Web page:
He talked about how the program was a way to create a Canadian stage star. And that gave me a bit of pause. Because it's true, we really don't have a system for that. And most of the people you would identify as Canadian stage stars had a high-profile television series - Cynthia Dale being the best example of this. So he was really on to something.

Then I saw the show itself. The early episodes showed us what training and feedback they were getting instead of mocking those who had auditioned. And once we got into the "reality" part of things, while I sometimes disagree with what the judges say about performances, I can't disagree that they know their stuff.

I did get to attend a taping and it turned out to be a wonderful experience, even if it was annoying that they wanted us to cheer and boo during the judges talking. That's really the one element I don't like, the amping up of the audience to the point of having them distract from what people are saying or singing. (They give people candies as they go in to get them on sugar highs.)

It's certainly been an interesting way to audition for a role. I've been on a discussion board talking about the show and one person keeps saying that he doesn't think any of them can do the role. The ones who have made it this far aren't novices, and I think there's one who can.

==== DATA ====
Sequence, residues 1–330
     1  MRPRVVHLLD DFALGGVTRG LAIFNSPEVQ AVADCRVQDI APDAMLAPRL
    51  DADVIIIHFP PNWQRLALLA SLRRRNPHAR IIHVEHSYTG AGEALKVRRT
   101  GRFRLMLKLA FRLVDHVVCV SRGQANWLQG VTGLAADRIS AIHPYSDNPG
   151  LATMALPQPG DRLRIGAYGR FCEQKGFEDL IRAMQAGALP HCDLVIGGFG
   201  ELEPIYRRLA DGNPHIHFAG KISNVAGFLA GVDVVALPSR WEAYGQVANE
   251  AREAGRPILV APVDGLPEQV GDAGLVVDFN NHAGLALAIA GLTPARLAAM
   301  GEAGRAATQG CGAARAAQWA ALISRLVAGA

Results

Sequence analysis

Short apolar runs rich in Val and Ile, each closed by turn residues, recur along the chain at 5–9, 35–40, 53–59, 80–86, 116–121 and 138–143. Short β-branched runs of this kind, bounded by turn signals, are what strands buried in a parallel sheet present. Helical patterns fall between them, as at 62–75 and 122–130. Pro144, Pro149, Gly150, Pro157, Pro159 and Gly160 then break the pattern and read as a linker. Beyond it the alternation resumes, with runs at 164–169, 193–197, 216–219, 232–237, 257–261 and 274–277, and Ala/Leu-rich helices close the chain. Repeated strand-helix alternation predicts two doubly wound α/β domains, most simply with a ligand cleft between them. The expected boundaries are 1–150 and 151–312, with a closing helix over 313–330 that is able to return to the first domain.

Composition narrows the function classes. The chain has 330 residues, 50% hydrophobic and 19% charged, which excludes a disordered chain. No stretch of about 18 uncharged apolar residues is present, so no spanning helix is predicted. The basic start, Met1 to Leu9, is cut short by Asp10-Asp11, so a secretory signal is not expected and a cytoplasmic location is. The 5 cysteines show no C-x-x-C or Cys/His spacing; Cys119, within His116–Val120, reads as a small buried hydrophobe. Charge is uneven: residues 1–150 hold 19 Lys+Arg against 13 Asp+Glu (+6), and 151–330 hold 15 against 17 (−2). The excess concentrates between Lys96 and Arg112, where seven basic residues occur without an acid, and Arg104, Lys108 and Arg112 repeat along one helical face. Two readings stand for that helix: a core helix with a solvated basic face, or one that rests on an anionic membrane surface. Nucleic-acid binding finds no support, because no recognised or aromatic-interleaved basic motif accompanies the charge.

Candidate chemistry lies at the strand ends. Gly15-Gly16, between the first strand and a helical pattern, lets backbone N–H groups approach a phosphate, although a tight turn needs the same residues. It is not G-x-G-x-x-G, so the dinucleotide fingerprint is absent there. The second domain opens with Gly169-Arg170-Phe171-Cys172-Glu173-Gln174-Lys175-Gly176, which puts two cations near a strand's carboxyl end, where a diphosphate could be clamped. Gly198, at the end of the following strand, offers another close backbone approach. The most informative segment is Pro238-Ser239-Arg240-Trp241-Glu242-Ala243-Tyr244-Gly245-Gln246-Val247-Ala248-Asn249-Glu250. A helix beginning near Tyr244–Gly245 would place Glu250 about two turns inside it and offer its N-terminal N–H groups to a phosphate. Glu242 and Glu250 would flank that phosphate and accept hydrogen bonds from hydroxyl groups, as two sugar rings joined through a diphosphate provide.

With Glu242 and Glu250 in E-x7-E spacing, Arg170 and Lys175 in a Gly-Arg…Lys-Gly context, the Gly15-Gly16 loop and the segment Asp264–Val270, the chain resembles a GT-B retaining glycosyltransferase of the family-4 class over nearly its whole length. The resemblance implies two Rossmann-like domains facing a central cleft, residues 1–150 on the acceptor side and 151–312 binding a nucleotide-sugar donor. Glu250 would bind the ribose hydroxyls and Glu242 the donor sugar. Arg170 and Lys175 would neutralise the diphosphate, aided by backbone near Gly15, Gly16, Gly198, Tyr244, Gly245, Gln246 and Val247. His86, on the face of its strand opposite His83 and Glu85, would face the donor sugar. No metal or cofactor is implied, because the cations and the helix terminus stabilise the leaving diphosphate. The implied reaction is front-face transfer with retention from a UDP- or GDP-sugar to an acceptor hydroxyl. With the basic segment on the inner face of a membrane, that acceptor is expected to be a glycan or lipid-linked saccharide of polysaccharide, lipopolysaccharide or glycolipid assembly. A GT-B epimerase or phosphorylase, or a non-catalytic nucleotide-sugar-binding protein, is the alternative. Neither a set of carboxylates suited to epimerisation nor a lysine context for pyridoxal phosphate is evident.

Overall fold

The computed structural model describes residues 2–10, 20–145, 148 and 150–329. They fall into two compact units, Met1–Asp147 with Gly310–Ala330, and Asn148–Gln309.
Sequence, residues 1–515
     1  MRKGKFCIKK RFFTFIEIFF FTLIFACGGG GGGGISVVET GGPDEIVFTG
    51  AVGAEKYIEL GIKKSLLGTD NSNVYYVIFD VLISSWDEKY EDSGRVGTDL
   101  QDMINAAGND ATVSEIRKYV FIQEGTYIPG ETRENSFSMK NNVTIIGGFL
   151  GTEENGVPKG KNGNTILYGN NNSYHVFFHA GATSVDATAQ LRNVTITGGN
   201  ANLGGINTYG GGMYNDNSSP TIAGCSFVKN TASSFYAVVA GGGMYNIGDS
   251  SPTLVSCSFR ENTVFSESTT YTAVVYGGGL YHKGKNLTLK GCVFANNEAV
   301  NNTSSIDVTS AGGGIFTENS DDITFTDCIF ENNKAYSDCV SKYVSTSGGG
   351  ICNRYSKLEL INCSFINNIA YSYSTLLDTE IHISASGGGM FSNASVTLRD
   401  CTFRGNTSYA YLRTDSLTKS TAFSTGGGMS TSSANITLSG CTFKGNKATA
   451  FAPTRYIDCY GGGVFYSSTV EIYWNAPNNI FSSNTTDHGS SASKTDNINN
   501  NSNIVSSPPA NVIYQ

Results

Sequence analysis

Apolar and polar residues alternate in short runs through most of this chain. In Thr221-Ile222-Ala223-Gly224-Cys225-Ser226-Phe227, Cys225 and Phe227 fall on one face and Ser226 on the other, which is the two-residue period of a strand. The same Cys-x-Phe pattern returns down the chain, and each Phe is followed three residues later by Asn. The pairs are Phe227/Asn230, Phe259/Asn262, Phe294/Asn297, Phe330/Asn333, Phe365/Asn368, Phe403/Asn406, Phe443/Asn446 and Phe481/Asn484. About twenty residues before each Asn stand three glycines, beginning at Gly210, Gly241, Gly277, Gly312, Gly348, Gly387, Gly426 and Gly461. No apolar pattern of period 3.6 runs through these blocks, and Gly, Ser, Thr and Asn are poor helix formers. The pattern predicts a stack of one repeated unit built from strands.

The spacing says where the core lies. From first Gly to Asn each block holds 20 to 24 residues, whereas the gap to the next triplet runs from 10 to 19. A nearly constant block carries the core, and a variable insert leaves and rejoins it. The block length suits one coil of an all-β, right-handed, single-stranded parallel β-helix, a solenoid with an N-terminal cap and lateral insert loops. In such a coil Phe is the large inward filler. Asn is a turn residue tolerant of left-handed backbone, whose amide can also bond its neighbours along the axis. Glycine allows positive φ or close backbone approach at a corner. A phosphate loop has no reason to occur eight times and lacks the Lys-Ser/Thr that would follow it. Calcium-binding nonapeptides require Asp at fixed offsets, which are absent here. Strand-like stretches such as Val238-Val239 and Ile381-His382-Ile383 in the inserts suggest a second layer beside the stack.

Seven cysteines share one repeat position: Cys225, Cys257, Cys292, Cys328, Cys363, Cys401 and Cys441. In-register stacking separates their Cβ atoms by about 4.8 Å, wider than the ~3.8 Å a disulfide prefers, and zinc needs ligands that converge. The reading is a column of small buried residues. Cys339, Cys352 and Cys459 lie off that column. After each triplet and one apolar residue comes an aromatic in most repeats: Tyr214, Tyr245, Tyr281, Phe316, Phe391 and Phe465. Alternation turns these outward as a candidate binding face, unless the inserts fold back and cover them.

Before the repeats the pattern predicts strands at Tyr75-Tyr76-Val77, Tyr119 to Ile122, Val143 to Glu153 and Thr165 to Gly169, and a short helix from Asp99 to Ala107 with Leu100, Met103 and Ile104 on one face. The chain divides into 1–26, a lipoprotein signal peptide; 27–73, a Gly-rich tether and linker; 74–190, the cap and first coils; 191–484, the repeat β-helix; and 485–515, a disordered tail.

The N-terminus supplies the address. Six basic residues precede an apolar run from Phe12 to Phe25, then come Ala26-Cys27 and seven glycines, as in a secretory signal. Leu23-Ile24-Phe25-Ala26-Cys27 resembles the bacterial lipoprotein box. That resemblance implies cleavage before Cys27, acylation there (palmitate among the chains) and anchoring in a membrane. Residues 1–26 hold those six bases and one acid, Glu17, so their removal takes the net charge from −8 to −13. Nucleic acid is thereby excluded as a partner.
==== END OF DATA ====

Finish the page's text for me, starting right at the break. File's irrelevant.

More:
The other thing that is disturbing to me is that apparently they've held off on casting the role of the Captain. I can understand it on one level. You want to make sure the Captain has chemistry with Maria, so you need to wait until she is cast. Yet I hate that for a show that requires a year-long commitment, people are having to wait until the last minute to know that they're doing it and having to turn away other work in the meantime on the off chance that they may be in.